These days, it is common to see teenagers hanging out on social media, glued to music on their phones, catching a movie at some multiplex, or chilling out with friends in their spare time. We do often blame technology for its detrimental effect on the Gen Y. However, there are always exceptions. A group of teenagers (15 or 16-year-olds), including an Indian American, use technology and spend time on phones for good reasons.
These teenagers, including Indian American Anika Kumar and some of her high school peers in San Jose, hang out with senior citizens on phone rather than friends. They make phone calls to lonely senior citizens who have no one to talk or listen to them, on Monday afternoons. The calls help socially isolated elderly people speak out their minds, bare their hearts and heave sighs of relief from the burden of pent-up thoughts.
This phone call program for lonely, old people is Indian American Anika Kumar’s humanitarian initiative, Forget Me Not in Santa Clara County, California. A 17-year-old graduate of San Jose-based Notre Dame High School, Anika Kumar started Forget Me Not to put some roses on the withered cheeks of socially isolated senior citizens.
Indian American Anika Kumar hit upon the idea of making personalized phone calls to keep the company of lonely senior citizens when she was 15 and volunteering at an assisted living facility. Her vision gradually led to ‘Forget Me Not’ in Santa Clara County. Today, 12 volunteers devote their time to interact with some 40 senior citizens every week.
What kind of conversation happens between the lonely, old people and the volunteers of Forget Me Not in Santa Clara County? “It’s meaningful, rewarding, refreshing and touching. The elderly talk about their interests, hobbies, families, bygone days, childhood, favorite books and movies,” says Anika Kumar. The volunteers also help them become tech-savvy and social media-savvy. The joy it gives to them is simply immeasurable.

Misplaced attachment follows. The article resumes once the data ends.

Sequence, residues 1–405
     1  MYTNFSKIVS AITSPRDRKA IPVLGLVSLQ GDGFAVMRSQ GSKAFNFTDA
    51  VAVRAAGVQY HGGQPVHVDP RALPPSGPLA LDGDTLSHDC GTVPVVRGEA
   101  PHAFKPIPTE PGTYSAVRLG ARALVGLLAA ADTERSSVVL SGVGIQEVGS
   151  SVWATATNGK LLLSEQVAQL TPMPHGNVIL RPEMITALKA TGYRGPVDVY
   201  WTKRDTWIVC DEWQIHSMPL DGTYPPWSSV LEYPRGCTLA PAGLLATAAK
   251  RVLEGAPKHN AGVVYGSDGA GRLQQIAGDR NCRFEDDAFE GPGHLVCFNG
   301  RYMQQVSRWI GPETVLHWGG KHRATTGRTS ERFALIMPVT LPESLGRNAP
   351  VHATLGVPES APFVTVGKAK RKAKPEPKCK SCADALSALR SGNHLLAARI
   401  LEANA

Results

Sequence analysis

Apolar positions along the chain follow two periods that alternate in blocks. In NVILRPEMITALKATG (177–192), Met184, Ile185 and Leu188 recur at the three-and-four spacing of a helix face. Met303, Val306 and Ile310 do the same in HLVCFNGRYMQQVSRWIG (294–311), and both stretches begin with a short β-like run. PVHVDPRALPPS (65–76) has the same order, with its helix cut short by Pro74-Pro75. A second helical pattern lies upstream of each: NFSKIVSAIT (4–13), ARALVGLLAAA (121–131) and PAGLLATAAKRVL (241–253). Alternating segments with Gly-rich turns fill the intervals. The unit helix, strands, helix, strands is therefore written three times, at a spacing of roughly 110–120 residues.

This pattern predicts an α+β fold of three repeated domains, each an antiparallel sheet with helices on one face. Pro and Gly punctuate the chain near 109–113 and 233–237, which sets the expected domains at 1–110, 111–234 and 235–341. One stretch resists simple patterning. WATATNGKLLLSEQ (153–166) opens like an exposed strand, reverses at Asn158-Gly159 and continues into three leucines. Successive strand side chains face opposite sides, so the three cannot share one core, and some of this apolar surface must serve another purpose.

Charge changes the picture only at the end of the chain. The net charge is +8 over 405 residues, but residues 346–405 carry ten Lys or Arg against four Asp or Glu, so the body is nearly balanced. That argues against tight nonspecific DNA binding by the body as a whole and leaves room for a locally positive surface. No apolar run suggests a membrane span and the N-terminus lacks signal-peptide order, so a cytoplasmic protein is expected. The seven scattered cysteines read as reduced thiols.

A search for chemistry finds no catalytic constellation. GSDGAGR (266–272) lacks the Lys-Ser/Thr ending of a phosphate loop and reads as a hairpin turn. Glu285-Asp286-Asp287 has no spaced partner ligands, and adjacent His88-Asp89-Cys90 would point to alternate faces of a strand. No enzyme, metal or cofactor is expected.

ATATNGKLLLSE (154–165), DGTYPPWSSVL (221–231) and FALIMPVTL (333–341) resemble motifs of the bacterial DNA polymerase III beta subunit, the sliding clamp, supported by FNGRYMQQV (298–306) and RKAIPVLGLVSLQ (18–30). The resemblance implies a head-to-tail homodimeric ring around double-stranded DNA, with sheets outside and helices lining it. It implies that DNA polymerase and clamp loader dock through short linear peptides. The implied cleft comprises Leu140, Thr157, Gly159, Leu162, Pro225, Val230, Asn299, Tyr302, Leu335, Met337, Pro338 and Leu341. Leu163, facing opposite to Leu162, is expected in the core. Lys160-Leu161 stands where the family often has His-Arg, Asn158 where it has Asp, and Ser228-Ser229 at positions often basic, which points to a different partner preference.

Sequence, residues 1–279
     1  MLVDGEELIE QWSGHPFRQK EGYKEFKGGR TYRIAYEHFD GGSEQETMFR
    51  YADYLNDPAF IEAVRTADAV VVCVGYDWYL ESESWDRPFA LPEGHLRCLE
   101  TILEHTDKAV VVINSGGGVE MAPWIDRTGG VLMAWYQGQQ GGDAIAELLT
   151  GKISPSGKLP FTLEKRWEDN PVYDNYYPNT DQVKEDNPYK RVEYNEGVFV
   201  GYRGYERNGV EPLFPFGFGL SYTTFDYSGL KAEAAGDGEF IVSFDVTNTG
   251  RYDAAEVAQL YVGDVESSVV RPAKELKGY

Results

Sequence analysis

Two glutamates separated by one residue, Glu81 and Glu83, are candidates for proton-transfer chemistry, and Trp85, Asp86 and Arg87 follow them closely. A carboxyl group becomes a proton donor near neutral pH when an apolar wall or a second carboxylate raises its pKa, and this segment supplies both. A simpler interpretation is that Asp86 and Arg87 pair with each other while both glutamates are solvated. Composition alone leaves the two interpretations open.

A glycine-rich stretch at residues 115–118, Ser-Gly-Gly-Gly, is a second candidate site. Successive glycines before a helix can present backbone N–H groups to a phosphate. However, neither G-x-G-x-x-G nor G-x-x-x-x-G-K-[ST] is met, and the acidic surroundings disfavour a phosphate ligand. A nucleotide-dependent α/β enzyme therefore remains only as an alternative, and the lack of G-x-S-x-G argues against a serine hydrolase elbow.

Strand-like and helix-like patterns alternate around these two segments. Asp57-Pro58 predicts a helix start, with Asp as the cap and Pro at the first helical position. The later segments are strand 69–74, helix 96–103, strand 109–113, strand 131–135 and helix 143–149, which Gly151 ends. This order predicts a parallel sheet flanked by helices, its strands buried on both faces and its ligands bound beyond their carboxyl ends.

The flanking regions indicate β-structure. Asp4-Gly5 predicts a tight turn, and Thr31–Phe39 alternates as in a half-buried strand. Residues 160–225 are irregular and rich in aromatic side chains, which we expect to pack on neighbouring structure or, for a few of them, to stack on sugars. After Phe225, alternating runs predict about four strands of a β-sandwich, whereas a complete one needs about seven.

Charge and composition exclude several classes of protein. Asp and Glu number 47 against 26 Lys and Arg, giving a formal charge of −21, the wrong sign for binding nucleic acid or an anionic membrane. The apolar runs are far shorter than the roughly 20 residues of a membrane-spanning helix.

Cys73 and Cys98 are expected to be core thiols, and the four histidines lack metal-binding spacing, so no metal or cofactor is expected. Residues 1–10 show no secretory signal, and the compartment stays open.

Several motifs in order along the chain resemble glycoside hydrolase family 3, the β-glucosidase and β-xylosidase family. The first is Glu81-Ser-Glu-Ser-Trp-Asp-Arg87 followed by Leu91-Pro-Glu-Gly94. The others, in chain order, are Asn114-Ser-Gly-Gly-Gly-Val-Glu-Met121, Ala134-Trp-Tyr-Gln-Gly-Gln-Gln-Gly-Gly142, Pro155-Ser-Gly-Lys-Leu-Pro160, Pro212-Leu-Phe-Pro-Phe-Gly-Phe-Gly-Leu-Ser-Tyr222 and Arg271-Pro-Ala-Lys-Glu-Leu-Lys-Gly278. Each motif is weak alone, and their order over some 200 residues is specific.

Located in San Jose, ‘Forget Me Not’ Phone Call Program is an intergenerational nonprofit organization. Like Rome, it was not built in a day. Anika did a lot of research on ageism-related issues like depression and the issues of social isolation to enrich her vision of helping the elderly in solitary confinement with company through phone calls. She approached many geriatricians and elder care experts to help her strategize the mission of Forget Me Not.
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The ‘Forget Me Not’ Phone Call Program works systematically and currently operates in Santa Clara County. The older adults in dire need of social life and companionship are required to fill up a registration form with some of their personal details like interests and hobbies in order to sign up for the program. The volunteers of Forget Me Not in San Jose are paired with the registered older adults. High school seniors undergo a mandatory training after they sign up as volunteers.
Volunteers make social, friendly phone calls to lonely older adults and senior citizens for 20-30 minutes at a specified time, once a week. Sometimes, the call duration is 45 to 60 minutes. All calls are recorded for better training provided to the ‘Forget Me Not’ volunteers.
Indian American Anika Kumar is now looking to expand the San Jose-based ‘Forget Me Not’ Phone Call Program beyond Santa Clara County and team with high school seniors as volunteers across the Bay Area so that more and more social isolated senior citizens can benefit from the program.
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